PEORIA, Ill. (WMBD)–Changing the landscape of tourism in the face of COVID-19 on Monday, members of the Peoria Area Convention and Visitors Bureau discussed the evolving nature of tourism in the River City.
Members of the Peoria Area Convention and Visitors Bureau say they’ve never seen anything like this pandemic before, but they’re trying to use past events as guidance to move forward.
The president of the Illinois Hotel and Lodging Association, Michael Jacobson says Peoria is a ‘drive destination’, meaning the majority of people who do visit get here by car making it likely Peoria will rebound.Whereas cities like Chicago that rely on more international visitors might take longer to rebound tourism-wise.
“I think it’s going to take longer for travelers to convince themselves that it’s safe to get on an airplane for four or six hours.But if it’s a 30 minute drive and they can go with their family that they’ve been isolating with in the last several weeks, that’s what’s going to see a rebound quicker,” Jacobson said.
Jacobson also says we could see a big technological shift with hotels using things such as virtual check-ins much like airports. Hotels may have to change certain methods they use to ensure cleanliness.
” I think there will be a lot of reliance on technology. Things like electrostatic sprayers that are commonly used in hospital cleanings, are now going be carried over into hotel lobbies and hotel guest rooms.UV lighting units that can be rolled in an kill any known pathogen in a guest room,” Jacobson said.
Jacobson says when Illinois’ stay-at-home order is lifted, hotels have to assure the customers they are taking precautions to ensure their safety.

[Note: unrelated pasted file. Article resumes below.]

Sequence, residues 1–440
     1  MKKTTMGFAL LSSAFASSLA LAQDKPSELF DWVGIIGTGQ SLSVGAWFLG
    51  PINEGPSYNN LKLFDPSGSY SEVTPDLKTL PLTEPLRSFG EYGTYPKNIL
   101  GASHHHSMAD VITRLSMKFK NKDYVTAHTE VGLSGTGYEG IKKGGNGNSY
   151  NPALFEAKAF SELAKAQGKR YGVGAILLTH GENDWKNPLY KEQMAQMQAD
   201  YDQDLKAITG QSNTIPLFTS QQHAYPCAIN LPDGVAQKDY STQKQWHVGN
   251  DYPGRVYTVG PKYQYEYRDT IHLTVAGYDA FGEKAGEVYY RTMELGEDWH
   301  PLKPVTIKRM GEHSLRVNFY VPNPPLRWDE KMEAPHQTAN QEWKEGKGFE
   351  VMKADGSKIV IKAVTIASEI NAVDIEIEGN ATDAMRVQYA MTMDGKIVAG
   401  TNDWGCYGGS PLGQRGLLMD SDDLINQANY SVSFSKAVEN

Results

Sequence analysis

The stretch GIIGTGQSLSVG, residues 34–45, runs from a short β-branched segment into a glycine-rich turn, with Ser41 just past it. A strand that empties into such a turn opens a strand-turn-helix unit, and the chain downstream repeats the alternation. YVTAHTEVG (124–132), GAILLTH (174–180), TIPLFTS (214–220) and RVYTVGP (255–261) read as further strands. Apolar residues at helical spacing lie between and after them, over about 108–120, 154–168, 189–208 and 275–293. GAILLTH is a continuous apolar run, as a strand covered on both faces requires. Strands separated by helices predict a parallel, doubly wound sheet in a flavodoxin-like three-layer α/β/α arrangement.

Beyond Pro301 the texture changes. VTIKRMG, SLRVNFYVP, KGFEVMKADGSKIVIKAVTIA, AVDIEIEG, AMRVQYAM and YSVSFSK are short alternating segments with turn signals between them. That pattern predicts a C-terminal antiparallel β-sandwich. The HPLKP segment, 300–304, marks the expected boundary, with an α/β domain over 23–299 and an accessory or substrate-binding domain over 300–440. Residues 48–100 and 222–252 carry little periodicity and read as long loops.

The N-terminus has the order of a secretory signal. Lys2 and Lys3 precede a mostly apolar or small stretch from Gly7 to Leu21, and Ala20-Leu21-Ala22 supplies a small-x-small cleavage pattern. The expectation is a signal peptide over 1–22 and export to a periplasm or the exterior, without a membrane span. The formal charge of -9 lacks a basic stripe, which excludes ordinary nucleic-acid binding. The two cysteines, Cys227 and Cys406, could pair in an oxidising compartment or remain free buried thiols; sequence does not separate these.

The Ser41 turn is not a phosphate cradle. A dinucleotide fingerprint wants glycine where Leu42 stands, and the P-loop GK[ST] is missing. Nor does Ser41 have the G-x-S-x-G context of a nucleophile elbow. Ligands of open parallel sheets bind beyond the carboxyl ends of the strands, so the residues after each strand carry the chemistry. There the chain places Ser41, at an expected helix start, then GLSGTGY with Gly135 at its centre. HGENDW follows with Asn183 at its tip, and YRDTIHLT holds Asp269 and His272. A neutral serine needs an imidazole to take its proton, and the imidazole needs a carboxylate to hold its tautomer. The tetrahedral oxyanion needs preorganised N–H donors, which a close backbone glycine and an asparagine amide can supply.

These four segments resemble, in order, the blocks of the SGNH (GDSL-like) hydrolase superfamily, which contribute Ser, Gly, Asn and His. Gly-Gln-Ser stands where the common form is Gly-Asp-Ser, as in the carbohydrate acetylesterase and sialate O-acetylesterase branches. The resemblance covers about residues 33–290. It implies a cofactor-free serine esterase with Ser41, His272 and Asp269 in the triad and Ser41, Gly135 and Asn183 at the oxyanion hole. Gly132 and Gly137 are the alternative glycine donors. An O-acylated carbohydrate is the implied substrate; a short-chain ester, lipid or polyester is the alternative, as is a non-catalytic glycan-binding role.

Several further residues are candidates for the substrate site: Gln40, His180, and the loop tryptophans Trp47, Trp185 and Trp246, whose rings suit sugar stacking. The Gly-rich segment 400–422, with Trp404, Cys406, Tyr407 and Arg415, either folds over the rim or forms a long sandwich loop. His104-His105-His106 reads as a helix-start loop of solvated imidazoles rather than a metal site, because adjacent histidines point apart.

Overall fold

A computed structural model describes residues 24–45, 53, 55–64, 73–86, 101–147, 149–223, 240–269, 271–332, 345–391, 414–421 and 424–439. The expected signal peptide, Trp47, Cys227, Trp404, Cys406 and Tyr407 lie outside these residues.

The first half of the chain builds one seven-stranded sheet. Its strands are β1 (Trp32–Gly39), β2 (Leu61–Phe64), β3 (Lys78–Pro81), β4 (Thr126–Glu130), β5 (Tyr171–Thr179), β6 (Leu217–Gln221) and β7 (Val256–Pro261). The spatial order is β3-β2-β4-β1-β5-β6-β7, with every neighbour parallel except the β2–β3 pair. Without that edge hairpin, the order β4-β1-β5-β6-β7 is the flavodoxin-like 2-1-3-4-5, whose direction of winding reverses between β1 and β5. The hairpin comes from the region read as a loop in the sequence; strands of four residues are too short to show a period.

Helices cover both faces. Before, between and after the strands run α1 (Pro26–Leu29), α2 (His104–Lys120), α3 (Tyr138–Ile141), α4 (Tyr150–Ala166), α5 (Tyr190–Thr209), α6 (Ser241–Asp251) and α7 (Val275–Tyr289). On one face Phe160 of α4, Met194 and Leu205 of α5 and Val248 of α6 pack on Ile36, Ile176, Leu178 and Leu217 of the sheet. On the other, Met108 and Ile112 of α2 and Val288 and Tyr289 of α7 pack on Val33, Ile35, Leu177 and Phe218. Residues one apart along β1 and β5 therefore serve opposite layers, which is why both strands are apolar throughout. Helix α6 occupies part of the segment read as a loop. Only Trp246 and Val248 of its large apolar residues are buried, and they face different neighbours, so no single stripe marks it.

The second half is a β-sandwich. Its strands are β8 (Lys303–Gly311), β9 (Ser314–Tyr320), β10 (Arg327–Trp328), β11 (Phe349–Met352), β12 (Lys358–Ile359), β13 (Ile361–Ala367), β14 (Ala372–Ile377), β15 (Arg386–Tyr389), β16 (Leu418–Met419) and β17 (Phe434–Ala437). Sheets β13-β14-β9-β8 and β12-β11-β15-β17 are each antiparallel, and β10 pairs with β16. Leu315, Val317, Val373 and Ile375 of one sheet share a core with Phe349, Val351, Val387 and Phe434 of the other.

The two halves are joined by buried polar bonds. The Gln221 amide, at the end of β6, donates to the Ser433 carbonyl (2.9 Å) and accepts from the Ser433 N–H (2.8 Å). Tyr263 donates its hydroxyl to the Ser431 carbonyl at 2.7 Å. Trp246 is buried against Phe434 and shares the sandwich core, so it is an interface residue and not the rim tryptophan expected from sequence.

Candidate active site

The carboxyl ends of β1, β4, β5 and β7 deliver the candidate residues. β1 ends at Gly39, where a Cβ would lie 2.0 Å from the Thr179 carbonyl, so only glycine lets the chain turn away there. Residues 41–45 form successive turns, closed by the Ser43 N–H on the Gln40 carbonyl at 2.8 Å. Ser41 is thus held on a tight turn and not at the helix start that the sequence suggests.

“We need to make sure travelers feel safe. Because even when the order is lifted in Illinois, people are not going to begin traveling again overnight,” Jacobson said.
The call also addressed crowd sizes pertaining to conventions, meetings and sporting events and what those may look like in the “new normal”. Connect Events is gathering information on what that may look like in the short-term.
“We’re being very data driven. We’re using a lot of data and insights we’re able to collect to help drive what we’re doing,” said Patrick Higgins, vice president of Connect Events.
Higgins also says there is no clear answer as to what future crowd sizes may look like as the information changes everyday.
“I think from a planning perspective, they’re really waiting for things to open up in terms of what the hospitality product looks like,” Higgins said.
Higgins also says many events may use technology to avoid things such as crowds of people standing in a line.
“I think technology will not only be used to help keep us healthy, but also keep things moving quicker because standing in a line could be seen as a health risk, standing near a bunch of people,” Higgins said.
Both Jacobson and Higgins see a light at the end of tunnel for Peoria’s event and tourism industry in quarter four of 2020 and into 2021.